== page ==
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Disneyland Article
Too Many People The Restaurant That Was Scrapped Because It Would Be Too Popular
Julie Tremaine
Not everything Walt Disney dreamed up was popular with his Imagineers, the team of creators who make new Disneyland attractions. And not everything Disney wanted to make was possible to execute, like the restaurant he wanted to build for his wife, Lillian.

Crump, the Imagineer who dreamed up the Museum of the Weird — a project Disney championed that was killed because other Imagineers thought it was too scary — and worked on iconic projects like the Haunted Mansion and It's a Small World, was one of the original Imagineers assigned to the restaurant project. Walt Disney wanted to create a tea room for Lillian Disney, which was originally supposed to be on Main Street U.S.A., and include a show component.

“Eventually it evolved beyond that, and it was decided that it would be moved over to Adventureland, since they were redesigning it, and turned into a Tiki Room,” Crump wrote in his memoir, “It’s Kind of a Cute Story,” with Jeff Heimbuch. “People would come in for dinner and see this magical little show.” Beyond that, no one was totally sure what the show would be.

John Hench, a main art director at WED Enterprises (the original name for Walt Disney Imagineering), came up with the original sketches for the room, which had birds in cages suspended over the tables where people would eat. Disney, though, was hesitant when he saw the sketches. “We can’t have birds in there,” Crump recalled him saying. “...They will poop on the food.”

In that meeting, Crump wrote, the group — including himself, Disney, Hench and others — tossed around ideas. It went from stuffed birds to mechanical birds to an entire show of animatronics where birds would sing to each other. “That was part of the beauty of these sessions,” Crump wrote. “Ideas would come out, and just flow and evolve into these wonderful things that would eventually make their way into Disneyland.”

That’s how Crump was tasked with creating the pre-show area, where diners would wait for their tables, which Disney wanted to be entertaining all on its own. “I remember Walt turning to me and saying ‘Rolly, you better do your homework and find out all about tiki,’ because it was around that,’” he told SFGATE. “So I did.”

Specifically, Disney asked Crump to design tikis that would be a source of entertainment.

“Walt came up to me and said, ‘Rolly, ‘we’re going to have this preshow area for people who are waiting to get into the restaurant,’” Crump wrote. “‘I want to have some Tikis out there, and I want them to tell stories. I want you to design them.’”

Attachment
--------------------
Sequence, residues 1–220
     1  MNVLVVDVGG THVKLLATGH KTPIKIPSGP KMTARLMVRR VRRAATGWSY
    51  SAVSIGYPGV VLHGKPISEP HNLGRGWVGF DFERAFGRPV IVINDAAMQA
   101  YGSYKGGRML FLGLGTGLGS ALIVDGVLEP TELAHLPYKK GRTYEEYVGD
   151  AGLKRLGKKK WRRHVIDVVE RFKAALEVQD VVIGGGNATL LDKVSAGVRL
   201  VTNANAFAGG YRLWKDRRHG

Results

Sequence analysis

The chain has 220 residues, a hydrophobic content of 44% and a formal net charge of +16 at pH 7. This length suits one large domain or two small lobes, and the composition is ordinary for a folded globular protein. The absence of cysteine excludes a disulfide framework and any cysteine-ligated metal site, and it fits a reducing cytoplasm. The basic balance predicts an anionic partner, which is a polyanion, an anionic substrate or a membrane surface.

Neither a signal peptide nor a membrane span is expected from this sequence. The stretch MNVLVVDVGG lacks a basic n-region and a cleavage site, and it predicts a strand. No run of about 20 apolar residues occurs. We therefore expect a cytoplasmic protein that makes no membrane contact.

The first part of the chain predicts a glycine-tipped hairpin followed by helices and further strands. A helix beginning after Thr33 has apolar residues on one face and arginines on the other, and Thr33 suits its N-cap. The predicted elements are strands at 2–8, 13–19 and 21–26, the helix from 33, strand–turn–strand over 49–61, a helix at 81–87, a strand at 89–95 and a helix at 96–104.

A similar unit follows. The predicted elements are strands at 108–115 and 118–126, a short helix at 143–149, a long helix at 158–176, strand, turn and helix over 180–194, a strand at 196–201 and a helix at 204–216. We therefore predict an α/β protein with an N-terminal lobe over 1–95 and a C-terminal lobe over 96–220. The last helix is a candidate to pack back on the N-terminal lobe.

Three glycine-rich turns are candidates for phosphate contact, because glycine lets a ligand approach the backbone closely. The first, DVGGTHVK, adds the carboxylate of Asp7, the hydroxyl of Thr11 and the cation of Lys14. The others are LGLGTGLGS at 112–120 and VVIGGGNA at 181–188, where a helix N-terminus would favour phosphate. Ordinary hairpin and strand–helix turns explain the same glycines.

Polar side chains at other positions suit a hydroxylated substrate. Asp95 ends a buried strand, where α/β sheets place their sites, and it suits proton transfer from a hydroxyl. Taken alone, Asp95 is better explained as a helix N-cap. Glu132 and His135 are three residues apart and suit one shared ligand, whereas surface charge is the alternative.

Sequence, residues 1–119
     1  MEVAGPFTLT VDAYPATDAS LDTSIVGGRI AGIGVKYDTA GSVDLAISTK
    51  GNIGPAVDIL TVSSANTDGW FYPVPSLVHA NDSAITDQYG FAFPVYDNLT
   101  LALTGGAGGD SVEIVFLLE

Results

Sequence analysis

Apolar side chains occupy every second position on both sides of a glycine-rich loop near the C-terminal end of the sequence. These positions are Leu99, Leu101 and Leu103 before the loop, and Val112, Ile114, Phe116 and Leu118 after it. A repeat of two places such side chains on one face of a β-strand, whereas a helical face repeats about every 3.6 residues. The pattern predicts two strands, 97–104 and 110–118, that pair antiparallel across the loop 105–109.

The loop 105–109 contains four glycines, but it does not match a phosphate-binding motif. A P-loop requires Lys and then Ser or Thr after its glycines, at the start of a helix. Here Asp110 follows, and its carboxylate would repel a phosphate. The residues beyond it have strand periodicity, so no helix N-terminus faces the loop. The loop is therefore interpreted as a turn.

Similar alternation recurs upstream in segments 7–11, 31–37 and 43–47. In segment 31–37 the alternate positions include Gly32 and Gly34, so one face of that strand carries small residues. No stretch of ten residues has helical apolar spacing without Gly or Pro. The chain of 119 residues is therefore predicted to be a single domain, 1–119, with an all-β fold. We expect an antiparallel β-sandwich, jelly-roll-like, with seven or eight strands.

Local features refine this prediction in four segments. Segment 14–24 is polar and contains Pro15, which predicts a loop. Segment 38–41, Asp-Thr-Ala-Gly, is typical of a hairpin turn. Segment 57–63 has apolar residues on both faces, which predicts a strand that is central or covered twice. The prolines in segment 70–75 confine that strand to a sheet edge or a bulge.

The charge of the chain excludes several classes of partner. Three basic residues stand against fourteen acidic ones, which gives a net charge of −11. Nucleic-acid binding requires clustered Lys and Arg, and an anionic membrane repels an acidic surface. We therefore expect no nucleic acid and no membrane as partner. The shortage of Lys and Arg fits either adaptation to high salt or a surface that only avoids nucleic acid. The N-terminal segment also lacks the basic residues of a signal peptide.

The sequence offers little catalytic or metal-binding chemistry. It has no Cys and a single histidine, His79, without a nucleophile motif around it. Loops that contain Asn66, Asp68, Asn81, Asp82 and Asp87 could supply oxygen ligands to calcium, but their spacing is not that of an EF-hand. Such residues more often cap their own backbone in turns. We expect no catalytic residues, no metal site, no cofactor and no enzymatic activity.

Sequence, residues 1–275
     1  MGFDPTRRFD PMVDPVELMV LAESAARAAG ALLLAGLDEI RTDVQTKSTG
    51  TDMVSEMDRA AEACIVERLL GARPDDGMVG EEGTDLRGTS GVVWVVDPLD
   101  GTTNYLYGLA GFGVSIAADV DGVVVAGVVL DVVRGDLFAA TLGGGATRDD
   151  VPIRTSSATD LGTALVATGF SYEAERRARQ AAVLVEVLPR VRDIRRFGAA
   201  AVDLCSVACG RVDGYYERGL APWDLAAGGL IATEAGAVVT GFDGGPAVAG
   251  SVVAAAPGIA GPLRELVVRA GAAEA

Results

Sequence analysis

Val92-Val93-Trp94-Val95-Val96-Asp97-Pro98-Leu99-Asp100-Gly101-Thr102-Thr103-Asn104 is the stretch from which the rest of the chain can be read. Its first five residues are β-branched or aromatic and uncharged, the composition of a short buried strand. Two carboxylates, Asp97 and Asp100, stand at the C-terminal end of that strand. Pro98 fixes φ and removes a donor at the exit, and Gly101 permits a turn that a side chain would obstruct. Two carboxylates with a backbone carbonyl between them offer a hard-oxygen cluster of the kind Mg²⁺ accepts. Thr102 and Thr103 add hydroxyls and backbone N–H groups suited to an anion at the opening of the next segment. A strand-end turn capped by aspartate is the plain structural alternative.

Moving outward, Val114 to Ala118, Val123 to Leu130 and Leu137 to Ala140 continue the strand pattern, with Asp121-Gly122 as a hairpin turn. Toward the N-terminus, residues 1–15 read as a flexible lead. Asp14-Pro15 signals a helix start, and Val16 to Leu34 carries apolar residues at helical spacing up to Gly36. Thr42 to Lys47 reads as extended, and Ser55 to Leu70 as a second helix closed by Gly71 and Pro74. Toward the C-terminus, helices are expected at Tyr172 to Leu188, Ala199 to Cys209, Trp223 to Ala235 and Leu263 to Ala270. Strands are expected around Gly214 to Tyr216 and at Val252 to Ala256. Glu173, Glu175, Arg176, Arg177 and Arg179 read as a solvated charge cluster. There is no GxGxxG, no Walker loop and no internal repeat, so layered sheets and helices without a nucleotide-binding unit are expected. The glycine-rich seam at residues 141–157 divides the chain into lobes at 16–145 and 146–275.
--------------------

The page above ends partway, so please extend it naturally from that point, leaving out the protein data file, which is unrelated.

He didn’t just design the statues that he modeled on Hawaiian gods like Pele and Maui, with their water and fire features. Crump carved them by hand, using clay that needed to be very warm to be manipulated. That heat came from working directly in the sun in the Burbank parking lot of the Walt Disney Company. Not only that, he carved the statues using a plastic fork.

“You may think that people [who] are sculpting for Disney have got these gorgeous temperature-controlled rooms, filled with north light, to better aid their work,” he wrote. “But no, no… they have a parking lot! I always thought that was kind of funny.”

After the show had been created and the space had been designed, the Imagineers realized they had a problem… a good problem. The tiki room was going to be too popular to be able to handle the demand.

“Walt said, ‘there are going to be too many people for a restaurant, so we’ll make it an attraction,’” Crump told SFGATE. “It couldn’t handle that many people.” Because the space was allocated in the park already, there wasn’t any flexibility on expanding the footprint. “They didn’t have the space to do that,” he added. “It was kind of a jammed area.”

So, the tables were removed from the design, and the restaurant became the Enchanted Tiki Room that’s still in place in the park today.

At one point in our interview, I asked Crump if he was inspired by the tiki bars around Los Angeles, with their theatrical effects and over-the-top decor. He and his wife Marie Tocci, who was also on the call, gently laughed at my question. “I think it was the other way around,” Tocci said. Today, the Enchanted Tiki Room is so beloved that inspired not only Trader Sam’s Enchanted Tiki Bar at the Disneyland Hotel, but professional-level home tiki bars around Los Angeles and a real tiki bar in Solvang with touches of Disney throughout.

In an era when Disney is increasingly putting emphasis on inclusion in its moviemaking and on removing problematic parts of its older attractions, the Enchanted Tiki Room would likely have been designed differently today. No caricature accents for the birds, no cartoony pillars of faces chanting in the corners of the room. But when it opened in 1963, the attraction was technically groundbreaking.

“It is an attraction that really deserves a lot of credit, because it was the first all animatronic show that was ever designed and built anywhere in the world,” Crump wrote. “It was a first for Disneyland and a first for the rest of the world, so that is a pretty big deal.”

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